Berserk - Berserk is one of those things I desperately try to like, but cannot really bring myself to do so, except when I'm in the right kind of mood. Simply put, I think this one would really benefit more from a re-read. The art is beautifully ugly, and the story is quite unique and delightfully misanthropic. The view of God as a being created out of the unfulfilled desires of man amuses me quite a lot, and I'm sure there are a hell of a lot more good things about Berserk. But as it stands, I'm either not in the right mood for it, or I'm not ready yet for something like this. As for the antinatalist take on things, there is really so much there. Gone are those ignorant 'good will always prevail', 'things will work out in the end' tropes, replaced by crazed continuous evil.
Claymore - Claymore is generally said to be a manga very like Berserk - in that it is probably one of the only so-called 'Dark Fantasy' type manga available. I'm not sure I really agree with that. While the visuals in both are stunning, and terrifying at the same time, Claymore isn't really much of a critique on anything at all, or at least, if it is, it's too deep for me to get. Not that there's anything wrong with Claymore for being this way, au contraire, it stands on its own two feet as a great manga without doing that. A warning however - it does really take a while to get into. It gets so much better, but you really do have to wait until it does.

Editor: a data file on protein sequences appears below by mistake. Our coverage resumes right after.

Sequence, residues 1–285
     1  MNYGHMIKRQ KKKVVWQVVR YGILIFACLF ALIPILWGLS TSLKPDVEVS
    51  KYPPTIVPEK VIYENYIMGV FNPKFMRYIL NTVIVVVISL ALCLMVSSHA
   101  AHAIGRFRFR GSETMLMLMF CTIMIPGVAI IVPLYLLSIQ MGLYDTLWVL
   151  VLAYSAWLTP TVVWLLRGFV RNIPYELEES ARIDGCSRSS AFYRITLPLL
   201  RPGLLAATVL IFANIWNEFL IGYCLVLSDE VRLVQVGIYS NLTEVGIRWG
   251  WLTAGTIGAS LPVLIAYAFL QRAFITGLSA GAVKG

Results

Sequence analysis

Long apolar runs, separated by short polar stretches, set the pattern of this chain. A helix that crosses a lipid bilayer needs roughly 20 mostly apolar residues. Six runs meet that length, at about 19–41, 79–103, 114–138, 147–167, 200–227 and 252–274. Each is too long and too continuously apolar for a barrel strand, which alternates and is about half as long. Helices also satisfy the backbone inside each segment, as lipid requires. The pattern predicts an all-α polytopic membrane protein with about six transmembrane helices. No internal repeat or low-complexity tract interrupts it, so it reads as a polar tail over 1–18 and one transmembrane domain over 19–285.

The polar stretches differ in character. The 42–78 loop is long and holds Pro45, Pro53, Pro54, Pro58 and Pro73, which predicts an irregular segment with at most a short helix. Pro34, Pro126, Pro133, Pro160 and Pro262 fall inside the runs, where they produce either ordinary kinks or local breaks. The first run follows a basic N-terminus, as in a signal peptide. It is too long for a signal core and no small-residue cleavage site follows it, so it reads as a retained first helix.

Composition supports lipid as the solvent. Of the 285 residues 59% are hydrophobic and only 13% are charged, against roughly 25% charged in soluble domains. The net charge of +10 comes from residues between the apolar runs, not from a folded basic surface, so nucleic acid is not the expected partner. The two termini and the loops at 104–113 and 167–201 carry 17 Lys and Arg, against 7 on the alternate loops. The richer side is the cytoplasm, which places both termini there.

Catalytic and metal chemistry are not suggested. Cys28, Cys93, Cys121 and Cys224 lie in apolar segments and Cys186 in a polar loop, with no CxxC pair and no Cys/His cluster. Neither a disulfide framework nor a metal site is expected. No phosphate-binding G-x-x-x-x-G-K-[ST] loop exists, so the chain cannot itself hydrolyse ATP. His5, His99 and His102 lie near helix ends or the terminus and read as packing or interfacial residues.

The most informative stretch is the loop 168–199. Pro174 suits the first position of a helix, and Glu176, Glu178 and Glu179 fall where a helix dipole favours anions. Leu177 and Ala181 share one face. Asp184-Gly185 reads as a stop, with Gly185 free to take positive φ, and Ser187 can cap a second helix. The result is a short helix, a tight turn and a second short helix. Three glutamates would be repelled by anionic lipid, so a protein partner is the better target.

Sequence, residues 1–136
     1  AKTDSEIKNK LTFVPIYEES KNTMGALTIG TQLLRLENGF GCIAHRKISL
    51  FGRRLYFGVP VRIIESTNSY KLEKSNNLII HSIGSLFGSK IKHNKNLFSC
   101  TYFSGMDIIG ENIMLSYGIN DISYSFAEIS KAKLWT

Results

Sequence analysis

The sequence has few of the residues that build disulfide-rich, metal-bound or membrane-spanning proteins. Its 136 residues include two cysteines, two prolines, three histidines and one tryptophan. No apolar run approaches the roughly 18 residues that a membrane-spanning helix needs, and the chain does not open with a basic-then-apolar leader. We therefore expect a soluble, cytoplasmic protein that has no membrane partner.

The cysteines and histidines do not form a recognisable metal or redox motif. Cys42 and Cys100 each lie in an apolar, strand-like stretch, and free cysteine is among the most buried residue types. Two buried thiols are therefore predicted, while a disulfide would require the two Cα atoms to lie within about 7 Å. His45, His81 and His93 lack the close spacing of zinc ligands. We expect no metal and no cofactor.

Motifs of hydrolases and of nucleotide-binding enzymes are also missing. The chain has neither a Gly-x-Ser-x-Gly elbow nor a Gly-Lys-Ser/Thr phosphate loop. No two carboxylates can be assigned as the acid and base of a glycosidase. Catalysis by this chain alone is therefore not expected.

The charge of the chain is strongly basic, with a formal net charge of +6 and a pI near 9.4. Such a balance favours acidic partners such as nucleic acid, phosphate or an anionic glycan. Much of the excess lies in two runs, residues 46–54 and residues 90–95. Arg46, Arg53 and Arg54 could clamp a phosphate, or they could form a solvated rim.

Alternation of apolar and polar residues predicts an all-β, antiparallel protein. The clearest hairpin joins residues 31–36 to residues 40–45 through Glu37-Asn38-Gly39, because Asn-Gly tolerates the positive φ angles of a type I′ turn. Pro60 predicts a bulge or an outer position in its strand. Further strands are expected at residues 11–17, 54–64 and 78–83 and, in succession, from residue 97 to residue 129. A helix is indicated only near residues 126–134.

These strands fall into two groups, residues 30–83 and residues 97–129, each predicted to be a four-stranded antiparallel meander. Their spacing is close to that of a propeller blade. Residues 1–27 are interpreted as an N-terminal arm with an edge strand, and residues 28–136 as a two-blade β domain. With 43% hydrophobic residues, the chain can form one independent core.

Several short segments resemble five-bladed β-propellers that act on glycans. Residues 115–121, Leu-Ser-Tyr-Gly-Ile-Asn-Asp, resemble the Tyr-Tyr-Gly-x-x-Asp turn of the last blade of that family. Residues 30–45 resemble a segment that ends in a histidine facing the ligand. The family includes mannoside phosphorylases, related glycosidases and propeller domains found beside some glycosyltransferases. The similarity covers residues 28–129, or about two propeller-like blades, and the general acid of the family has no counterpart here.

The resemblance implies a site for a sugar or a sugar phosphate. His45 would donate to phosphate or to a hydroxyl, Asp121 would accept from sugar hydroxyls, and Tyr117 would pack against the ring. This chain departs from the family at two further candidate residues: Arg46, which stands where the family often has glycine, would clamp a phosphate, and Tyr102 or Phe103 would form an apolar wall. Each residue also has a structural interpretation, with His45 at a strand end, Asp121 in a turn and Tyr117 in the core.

Hunter x Hunter - I began into this knowing of a few good reviews, somewhat hoping they were wrong, due to the sheer absurdity and vagueness of the premise. People who find rare things? Who cares, right? But as it turned out, a couple of chapters in, I was pretty damn captivated to say the least. It's one of those unique feelings that are quite unexplainable to onlookers - the bare bones of the manga is typical shounen fare. There are a lot of entertaining deviations from this, enough I'd say to place it as a quite a good manga, but there isn't actually enough bulk there to back it up. Of course, that's what it seems like from a rather harsh, critical viewpoint. The minimalism present, however, I find adds quite well to the setting, and even though the backstory isn't as adequately fleshed out as one would like, it doesn't have to be. It certainly goes towards proving that. Every shounen anime or manga I have fixed my eyes upon has had some sort of gimmick to both draw you in in the short term, and to addict you to in the long term. Hunter x Hunter, for me, as far as I have read, doesn't actually seem to have that. I really cannot pinpoint anything in it that I find particularly addicting, but still, the whole thing as it stands, is. This is in contrast to Berserk, which has many things within it that I adore, but that I do not, at the moment, like.
Speaker for the Dead - Ender's Game was by far the best science fiction novel I have ever read. Now it isn't like I'm exactly the go-to guy for that kind of thing, considering my relative inexperience with, uh, everything. But keeping that first statement in mind, I had really high hopes for this book. Now I wouldn't say they were dashed to the ground or anything, but I was a little, just a little, bit disappointed. I just think that the setting overall was a bad idea. Small catholic colony? Kind of boring, sorry. It took me such a long time to actually give a crap about anything going on that the first part of the book was just a blur for me. But now that I'm in the middle, I can judge this properly, and I can say that it's a good book, definitely, it's a well-thought out book, but it's not one of the best books.